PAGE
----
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Doctor insights on: Is Morphine Ever Used To Help With Pulmonary Edema

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Is morphine ever used to help with pulmonary edema?

Is morphine ever used to help with pulmonary edema?

Yes: In the past, morphine used to be one of the mainstays of treating pulmonary edema. Beside dilating the vessels, it also takes away the feeling of breathlessness and makes the patient feel better in more than one way. ...Read more

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Dr. Sue Ferranti
605 doctors shared insights

Fluid In The Lungs (Definition)

Fluid around lungs has many causes. It can be exudate(thick i.E pus from infection, malignancy etc) or transudative(heart failure). It may be treated based on the problem found by sampling(thoracentesis). Labs on the fluid help the clinician determine the etiology. For recurring pleural fluid, sometime pleuradesis is necessary to hep prevent recurrance. Need ...Read more


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Is morphine in anyway used to help pulmonary edema?

Used to be.: Morphine has been used as a relaxant to assist with ventilation and support in pulmonary edema cases. It serves as an anxiolytic is supposed to decrease the work of breathing. More recent studies, though, suggest it may cause more harm than good. Nowadays its use is limited to heart attack cases (not pulmonary edema per se). ...Read more

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Why do we use morphine in acute pulmonary edema?

Why do we use morphine in acute pulmonary edema?

Good question: The growing body of evidence derived from clinical studies suggest that its efficacy may be simply from the decrease of anxiety that accompanies shortness of breath. Reducing catacholemines and secondary vasoconstriction in this condition is indeed beneficial, but this effect can be more safely addressed with benzodiazepines - less incidence of respiratory depression. ...Read more

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Morphine helps redistribute blood volume in pulmonary edema. How? And is it causing any reabsorbtion of fluid?

In theory it works: As a vasodilator. By increasing peripheral venous blood volume, there is less venous blood returning back to the pulmonary circulation and thereby decrease the formation of pulmonary edema. ...Read more

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Can beta blockers help with pulmonary edema?

Can beta blockers help with pulmonary edema?

Yes: Since pulmonary edema is commonly due to heart failure, controlling heart failure with beta blockers is beneficial. Some people can get worse and have worsening edema due to beta blockers. Beta blockers will not help if edema is due to non heart related issues. ...Read more

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How is digoxin used in the management of acute pulmonary edema?

HR control: Digoxin is sometimes used to help control inappropriate tachycardia typically in the face of uncontrolled atrial fib. This might help if someone has acute pulmonary edema from the fast hr but if the patient is unstable then electrical cardioversion is usually preferred perhaps in combination with meds to control the rate. ...Read more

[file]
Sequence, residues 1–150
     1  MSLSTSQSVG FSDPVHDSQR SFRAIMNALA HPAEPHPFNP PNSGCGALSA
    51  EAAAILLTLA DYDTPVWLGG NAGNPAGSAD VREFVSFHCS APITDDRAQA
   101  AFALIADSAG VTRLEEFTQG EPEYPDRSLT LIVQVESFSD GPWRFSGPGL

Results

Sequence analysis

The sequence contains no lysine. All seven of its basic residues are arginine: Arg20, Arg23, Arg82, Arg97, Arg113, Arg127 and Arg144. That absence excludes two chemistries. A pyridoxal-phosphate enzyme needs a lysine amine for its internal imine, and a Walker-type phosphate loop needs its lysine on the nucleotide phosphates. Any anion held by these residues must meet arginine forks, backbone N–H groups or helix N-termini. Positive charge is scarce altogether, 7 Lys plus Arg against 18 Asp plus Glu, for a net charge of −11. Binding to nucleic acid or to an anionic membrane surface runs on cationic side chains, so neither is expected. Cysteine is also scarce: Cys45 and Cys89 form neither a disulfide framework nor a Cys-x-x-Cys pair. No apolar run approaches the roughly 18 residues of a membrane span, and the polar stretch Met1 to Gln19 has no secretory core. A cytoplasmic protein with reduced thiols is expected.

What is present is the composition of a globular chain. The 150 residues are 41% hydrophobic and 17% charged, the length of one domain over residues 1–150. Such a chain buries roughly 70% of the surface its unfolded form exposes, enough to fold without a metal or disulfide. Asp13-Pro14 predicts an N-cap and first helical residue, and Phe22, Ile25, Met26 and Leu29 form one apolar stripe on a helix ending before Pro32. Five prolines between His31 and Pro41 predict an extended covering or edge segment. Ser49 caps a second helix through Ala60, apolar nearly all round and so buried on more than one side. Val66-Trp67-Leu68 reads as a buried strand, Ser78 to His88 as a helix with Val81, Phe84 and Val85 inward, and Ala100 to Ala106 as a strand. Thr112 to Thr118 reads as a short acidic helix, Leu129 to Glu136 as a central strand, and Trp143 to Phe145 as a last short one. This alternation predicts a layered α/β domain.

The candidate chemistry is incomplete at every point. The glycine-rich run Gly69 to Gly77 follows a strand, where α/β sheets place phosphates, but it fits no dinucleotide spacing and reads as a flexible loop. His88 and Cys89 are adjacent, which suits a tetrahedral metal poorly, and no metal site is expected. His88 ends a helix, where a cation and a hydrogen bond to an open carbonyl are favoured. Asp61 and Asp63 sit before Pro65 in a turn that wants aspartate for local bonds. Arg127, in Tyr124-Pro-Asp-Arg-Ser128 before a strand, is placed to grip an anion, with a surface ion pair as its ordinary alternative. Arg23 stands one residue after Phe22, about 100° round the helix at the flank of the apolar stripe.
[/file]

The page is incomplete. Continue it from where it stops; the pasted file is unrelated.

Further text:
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What are common symptoms of pulmonary edema?

What are common symptoms of pulmonary edema?

Pulm edema: This usually manifests as shortness of breath, especially when lying down and also swelling of the legs and feet (edema). ...Read more

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What does a noncardiac pulmonary edema do to the body?

What does a noncardiac pulmonary edema do to the body?

Pulmonary edema: Pulmonary edema fills the lungs with fluid and impairs oxygen getting into the blood stream. Any pulmonary edema does this. Noncardiac has causes like poisons, toxic inhalants, high altitude and low blood osmolality. The noncardiac cause has its own effects in addition to the oxygenation problem. ...Read more

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How likely am I to have pulmonary edema with my hearty failure?

Possible: Depending on the severity of the heart failure, pulmonary edema of varying degrees is certainly possible. The heart is a pump, and if ineffective, fluid builds up behind the pump which in the body is the lungs. ...Read more

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Dr. Brad Goldenberg
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Edema (Definition)

Fluid in the tissues, either caused by something local to the swollen area like an injury or inflammation, or from the body's retention of water. Gravity brings the fluid to the feet & legs in that case. As a general rule, if one foot is swollen, something is wrong with the foot. If both feet are swollen, it's not the feet, but water ...Read more


Dr. David Schleimer
1,498 doctors shared insights

Swelling (Definition)

Swelling is the enlargement of organs, skin, or other body parts. It is caused by a buildup of fluid in the tissues. The extra fluid can lead to a rapid increase in weight over a short period of time (days to weeks). Swelling can occur all over the body (generalized) or only in one part ...Read more